According to Alvin’s recollections later, he said this is why he didn’t go to school very much. Less than four months’ worth of school over the course of five years. It was enough to teach him how to read and write, but not a lot more. Alvin himself assumed he probably couldn’t have passed the second grade if he were tested—but he wasn’t in school enough to take any tests to prove that one way or the other.

It was a tough childhood, but little Alvin learned the value of hard work. He also learned a lot about nature, survival in the wilderness and things that he probably couldn’t have ever learned in a one-room schoolhouse.

Then tragedy struck.

In 1911, William York contracted typhoid fever and passed away. Alvin was about 24 at this time and with all of the long hours he’d spent with his father in the fields or at his blacksmith shop—Alvin didn’t take it well.

While his mom was left raising 11 kids on her own, Alvin turned to alcohol to deal with the pain of the loss.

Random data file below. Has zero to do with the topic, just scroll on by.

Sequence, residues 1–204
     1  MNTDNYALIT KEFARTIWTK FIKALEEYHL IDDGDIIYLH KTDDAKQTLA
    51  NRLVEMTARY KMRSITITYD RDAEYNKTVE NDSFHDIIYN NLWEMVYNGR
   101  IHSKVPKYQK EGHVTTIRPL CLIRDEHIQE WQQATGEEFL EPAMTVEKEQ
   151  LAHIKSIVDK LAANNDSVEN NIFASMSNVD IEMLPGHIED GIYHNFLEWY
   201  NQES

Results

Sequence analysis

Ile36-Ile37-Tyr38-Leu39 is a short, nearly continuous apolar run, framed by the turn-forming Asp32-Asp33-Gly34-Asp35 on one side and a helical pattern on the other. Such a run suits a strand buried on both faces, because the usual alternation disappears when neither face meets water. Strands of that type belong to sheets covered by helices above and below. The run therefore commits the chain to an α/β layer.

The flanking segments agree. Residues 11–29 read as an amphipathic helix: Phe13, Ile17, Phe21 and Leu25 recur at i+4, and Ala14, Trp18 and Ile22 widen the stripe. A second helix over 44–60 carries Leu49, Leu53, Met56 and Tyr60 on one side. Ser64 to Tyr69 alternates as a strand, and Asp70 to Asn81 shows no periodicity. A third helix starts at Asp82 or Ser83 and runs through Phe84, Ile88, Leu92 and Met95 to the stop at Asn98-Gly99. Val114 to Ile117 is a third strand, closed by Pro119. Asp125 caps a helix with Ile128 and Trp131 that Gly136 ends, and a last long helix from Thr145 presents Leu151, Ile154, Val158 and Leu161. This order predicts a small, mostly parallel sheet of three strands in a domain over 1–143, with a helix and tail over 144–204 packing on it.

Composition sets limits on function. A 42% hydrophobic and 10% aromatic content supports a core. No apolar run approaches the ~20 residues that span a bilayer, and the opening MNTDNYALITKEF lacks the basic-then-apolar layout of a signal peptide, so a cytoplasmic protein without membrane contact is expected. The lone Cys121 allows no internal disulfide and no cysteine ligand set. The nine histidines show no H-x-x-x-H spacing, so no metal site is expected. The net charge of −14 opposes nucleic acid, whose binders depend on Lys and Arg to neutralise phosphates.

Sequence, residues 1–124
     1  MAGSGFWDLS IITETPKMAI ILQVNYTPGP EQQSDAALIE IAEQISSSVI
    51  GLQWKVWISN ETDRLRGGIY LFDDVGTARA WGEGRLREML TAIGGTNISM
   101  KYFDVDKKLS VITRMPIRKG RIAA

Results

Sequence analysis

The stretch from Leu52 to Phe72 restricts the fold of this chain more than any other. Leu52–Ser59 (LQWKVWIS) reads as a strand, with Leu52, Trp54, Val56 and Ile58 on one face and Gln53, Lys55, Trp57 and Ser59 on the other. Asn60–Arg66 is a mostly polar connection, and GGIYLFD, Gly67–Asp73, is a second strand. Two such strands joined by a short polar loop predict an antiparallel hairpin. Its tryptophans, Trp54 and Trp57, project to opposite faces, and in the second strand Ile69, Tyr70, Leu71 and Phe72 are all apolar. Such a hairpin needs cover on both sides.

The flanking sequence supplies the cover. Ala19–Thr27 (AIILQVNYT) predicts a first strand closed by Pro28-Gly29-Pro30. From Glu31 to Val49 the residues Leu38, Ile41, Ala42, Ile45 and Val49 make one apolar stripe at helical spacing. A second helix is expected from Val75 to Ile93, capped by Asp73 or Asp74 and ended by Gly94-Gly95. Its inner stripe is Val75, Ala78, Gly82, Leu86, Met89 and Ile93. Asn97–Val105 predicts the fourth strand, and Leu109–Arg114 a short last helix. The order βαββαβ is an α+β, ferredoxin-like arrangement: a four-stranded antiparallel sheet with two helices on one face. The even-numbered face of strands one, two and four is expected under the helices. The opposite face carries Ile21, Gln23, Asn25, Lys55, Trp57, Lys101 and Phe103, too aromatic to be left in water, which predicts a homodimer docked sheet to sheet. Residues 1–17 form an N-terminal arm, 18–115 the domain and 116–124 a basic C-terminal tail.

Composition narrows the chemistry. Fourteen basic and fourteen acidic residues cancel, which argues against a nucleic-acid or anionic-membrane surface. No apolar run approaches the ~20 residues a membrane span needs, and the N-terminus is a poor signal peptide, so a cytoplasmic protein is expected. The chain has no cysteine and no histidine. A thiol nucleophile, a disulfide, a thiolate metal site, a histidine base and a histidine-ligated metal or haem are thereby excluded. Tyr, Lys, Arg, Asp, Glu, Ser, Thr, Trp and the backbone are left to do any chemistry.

So that’s why, in the beginning of the movie, we see a drunken Alvin York for the first time. It was five years later, but as the years passed, Alvin only fell deeper and deeper into weekend binges of alcoholism and gambling.

And although that scene with Alvin shooting his initials in the tree outside the church didn’t really happen as far as I can tell, there was a similar incident where Alvin was drunk and saw a bunch of turkeys. So he took a shot at them.

Six shots.

Six turkeys fell to the ground. So, like the movie shows, even drunk Alvin was a good shot.

Unfortunately for Alvin, as a valued source of food, you couldn’t just kill turkeys like that in the Pall Mall area. Alvin ended up in a local court for the incident, but fortunately for him it was near Thanksgiving so he was able to sell the turkeys he killed and buy his way out of any trouble.

Back in the movie, there’s a scene where Alvin and his brother George are hunting a fox with their hounds when a voice tells Alvin where the fox went. Alvin turns to see where the voice came from…there she is, Gracie Williams. She’s played by Joan Leslie in the film.